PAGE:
Friday, May 24, 2024

Revisiting The Concept Of A Two-Front War

By Lieutenant General Abhay Krishna (r)

The use of expression ‘Two-Front War,’ has gradually turned into a military terminology essentially to summarise the combined threat on the Nation from both the Western and Northern fronts. Both Army and Air Force Chiefs, past and present, have been heard on a number of occasions reassuring the Nation through various media interactions that India is always prepared to fight a Two-Front War. This repeated assurance definitely indicates availability of adequate resources and preparedness to take the battle into the adversary’s territory. 

During the Indo-Pak war of 1971, India definitely fought on two fronts; but it was with a common adversary on both the fronts. Does the currently propagated concept of a Two-Front War mean fighting simultaneously on two specific fronts that is Western and Northern Fronts or fighting Two Different Adversaries? The former involves two specific geographical segments while the latter may involve more than two directions or geographical regions.

Understanding The Terminology

Going back in time, one famous example of a Two-Front War in recent military history of the world, is that of the aggressor Germany that chose to open two fronts simultaneously and later, faced the consequences of spreading its forces to both East and West. For any aggressor, it is always wise to concentrate his forces on one front and take on his enemies one by one. In military terminology, therefore, a Two-Front War is one in which fighting takes place on two geographically separate fronts. It is usually executed by two or more separate forces simultaneously or nearly simultaneously, in the hope that their opponent will be forced to split his fighting force to deal with threats on both the fronts

However, talking about a Two-Front War scenario in India’s context, it seems a different ball game altogether, because India does not project herself as a potential aggressor. India always talks of defending her territorial integrity instead. A Two-Front War in respect of India will involve a combination of both China and Pakistan. But who out of the two will then start the war or will it be both and that too simultaneously? Let us examine and find the answer.

Though China’s military is being taken as a force to reckon with at the global level due to their reforms, modernisation and technological developments, the fact is that China has not fought any war post 1979.

How Battle Hardened Is China

China had set out to teach India a lesson in 1962, but it is commonly believed that China could not achieve its objective. Rather, it landed up doing a favour to India by compelling the nation to shed the self-imposed restrictions and instead, embark on rebuilding its military power. Also, the 1962 conflict not only buried the charmed concept of “Hindi-Chini Bhai–Bhai” for good; but also fuelled an enduring enmity and lack of trust between the two countries.

It will be interesting to note that though today, China’s military is being taken as a force to reckon with at the global level due to their reforms, modernisation and technological developments, the fact is that China has not fought any war post 1979.

The People’s Republic of China and the Socialist Republic of Vietnam had fought a war in early 1979. China had  launched an offensive in response to Vietnam’s actions against the Khmer Rouge in 1978. The war lasted for 27 days and finally, after suffering losses, China withdrew. Though China claimed victory in this war, but the fact was that Vietnamese occupation of Cambodia continued until 1989. Interestingly, Chinese military had other failures too prior to 1979, where they suffered and withdrew without achieving any objective. Besides the war in Vietnam, China suffered defeat during the Chinese-North Korean invasion of South Korea in 1950-53, Nathula clash of 1967 and Sino-Soviet border conflict of 1969 over the Zhenbao Island.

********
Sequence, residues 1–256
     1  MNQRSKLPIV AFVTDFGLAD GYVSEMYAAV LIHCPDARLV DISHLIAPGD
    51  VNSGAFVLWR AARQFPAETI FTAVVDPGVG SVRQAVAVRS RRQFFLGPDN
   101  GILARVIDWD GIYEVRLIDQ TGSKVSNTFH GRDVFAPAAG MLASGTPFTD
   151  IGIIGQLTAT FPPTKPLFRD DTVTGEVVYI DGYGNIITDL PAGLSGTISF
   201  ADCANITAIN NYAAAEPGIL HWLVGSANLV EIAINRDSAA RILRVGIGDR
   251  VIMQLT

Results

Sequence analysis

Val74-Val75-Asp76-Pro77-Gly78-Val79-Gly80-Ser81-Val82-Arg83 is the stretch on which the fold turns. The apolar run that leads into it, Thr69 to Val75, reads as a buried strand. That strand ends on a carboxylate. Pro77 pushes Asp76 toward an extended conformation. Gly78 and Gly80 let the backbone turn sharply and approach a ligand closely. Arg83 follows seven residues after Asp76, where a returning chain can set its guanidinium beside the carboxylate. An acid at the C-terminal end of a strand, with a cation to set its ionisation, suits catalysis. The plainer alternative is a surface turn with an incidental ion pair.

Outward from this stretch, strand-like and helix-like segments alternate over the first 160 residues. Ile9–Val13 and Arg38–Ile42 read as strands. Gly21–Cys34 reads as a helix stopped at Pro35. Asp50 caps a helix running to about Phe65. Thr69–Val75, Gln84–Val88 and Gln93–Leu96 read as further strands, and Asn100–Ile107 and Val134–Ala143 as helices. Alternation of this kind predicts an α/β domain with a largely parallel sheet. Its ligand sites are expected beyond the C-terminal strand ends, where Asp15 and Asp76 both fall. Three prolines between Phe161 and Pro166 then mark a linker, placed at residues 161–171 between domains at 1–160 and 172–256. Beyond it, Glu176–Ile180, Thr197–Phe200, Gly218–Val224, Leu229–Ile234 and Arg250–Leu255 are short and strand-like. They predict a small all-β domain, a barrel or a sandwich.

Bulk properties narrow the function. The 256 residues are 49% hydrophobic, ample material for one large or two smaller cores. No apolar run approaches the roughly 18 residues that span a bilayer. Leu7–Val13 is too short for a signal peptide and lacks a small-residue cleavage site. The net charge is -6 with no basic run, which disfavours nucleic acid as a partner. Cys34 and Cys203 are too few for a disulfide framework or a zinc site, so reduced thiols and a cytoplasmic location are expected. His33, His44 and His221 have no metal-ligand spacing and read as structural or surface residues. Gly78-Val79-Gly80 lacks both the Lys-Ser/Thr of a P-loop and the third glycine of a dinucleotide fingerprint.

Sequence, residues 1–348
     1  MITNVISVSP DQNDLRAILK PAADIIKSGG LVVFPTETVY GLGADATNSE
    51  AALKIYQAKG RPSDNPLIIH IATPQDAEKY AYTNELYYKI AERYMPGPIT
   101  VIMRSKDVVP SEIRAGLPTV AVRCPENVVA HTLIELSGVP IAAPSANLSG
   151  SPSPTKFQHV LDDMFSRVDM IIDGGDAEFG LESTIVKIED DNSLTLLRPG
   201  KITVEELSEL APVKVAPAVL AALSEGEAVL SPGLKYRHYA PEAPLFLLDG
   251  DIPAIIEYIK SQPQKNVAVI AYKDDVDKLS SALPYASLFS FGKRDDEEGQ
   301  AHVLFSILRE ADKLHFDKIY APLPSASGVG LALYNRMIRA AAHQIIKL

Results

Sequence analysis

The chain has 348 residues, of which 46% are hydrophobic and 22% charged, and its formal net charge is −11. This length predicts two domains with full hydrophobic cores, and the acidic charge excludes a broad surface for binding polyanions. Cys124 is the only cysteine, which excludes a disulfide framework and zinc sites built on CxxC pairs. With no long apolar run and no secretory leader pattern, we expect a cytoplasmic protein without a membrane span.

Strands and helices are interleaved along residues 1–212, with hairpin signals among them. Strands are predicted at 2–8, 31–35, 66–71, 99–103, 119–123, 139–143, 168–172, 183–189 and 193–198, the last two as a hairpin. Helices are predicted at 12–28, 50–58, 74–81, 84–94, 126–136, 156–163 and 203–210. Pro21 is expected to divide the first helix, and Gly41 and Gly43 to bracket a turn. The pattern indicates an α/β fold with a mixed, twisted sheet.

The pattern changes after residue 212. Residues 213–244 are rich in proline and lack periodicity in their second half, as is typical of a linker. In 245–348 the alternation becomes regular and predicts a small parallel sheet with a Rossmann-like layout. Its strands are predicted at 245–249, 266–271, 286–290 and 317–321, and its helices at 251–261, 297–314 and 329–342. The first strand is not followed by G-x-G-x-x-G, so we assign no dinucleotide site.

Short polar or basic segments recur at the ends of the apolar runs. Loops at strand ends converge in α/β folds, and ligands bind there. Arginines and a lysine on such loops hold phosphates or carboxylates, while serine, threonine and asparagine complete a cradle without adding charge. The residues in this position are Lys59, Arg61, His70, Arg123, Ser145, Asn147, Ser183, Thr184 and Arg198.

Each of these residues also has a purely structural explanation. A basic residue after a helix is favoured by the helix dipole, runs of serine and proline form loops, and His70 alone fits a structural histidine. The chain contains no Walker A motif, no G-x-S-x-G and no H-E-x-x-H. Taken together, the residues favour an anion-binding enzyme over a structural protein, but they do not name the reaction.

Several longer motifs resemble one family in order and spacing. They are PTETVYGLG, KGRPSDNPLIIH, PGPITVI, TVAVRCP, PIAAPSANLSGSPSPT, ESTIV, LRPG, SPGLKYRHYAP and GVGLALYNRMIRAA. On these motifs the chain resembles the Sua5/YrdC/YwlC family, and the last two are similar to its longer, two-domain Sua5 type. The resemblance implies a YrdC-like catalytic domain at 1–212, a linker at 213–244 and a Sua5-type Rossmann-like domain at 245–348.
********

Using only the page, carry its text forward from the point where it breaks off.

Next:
However, China has a few instances of victory to boast about such as taking over of Tibet and successfully crushing the uprising in 1959, China-Burma border campaign where they succeeded in evicting Kuomintang in 1961 as also successfully established control over Paracel Islands of South Vietnam in 1974.

Post the 1962 war, as far as the Line of Actual Control (LAC) with India is concerned, differences in perception with regard to ownership over few geographical segments of the terrain along the LAC continues to linger which has often resulted into friction along the border. In the recent past, Doklam followed by Ladakh were the latest cases which turned into major standoff between the two Armies. Unlike the Line of Control (LOC) with Pakistan which perpetually burns, as far as the LAC with China is concerned, the last bullet was fired in 1973. 

Conflict With Pakistan

India and Pakistan have fought several wars since August 1947. Soon after independence, the Indian Army had to move into Kashmir on the request of its ruler Maharaja Hari Singh when Pakistan had managed to successfully push across the border close to Srinagar, a large number of armed tribesmen duly supported by the Pakistan Army.  Fierce encounters took place and the Indian Army managed to push the Pakistani forces back beyond a line when the ceasefire was signed in 1949 which later on was accepted as the LOC.  As a result of the ceasefire, the remaining area of Kashmir known as Pakistan Occupied Kashmir (POK), could not be freed from Pakistani control.

The second war took place in 1965 when Pakistani soldiers once again attempted to cross over into Kashmir to ignite insurgency. It was a miscalculation on the part of Pakistan that India was militarily unprepared having suffered at the hands of Chinese in the 1962 war. 

The third full scale war was fought in December 1971 when civil unrest had taken deep roots in East Pakistan seeking independence. India was badly affected as the entire region was thrown into turmoil with massive influx of refugees. India was left with no choice but to intervene militarily. Then came another intrusion attempt by Pakistan in Siachen, resulting in the Kargil conflict in 1999, which of course remained localised and did not escalate into a full-scale war for various reasons.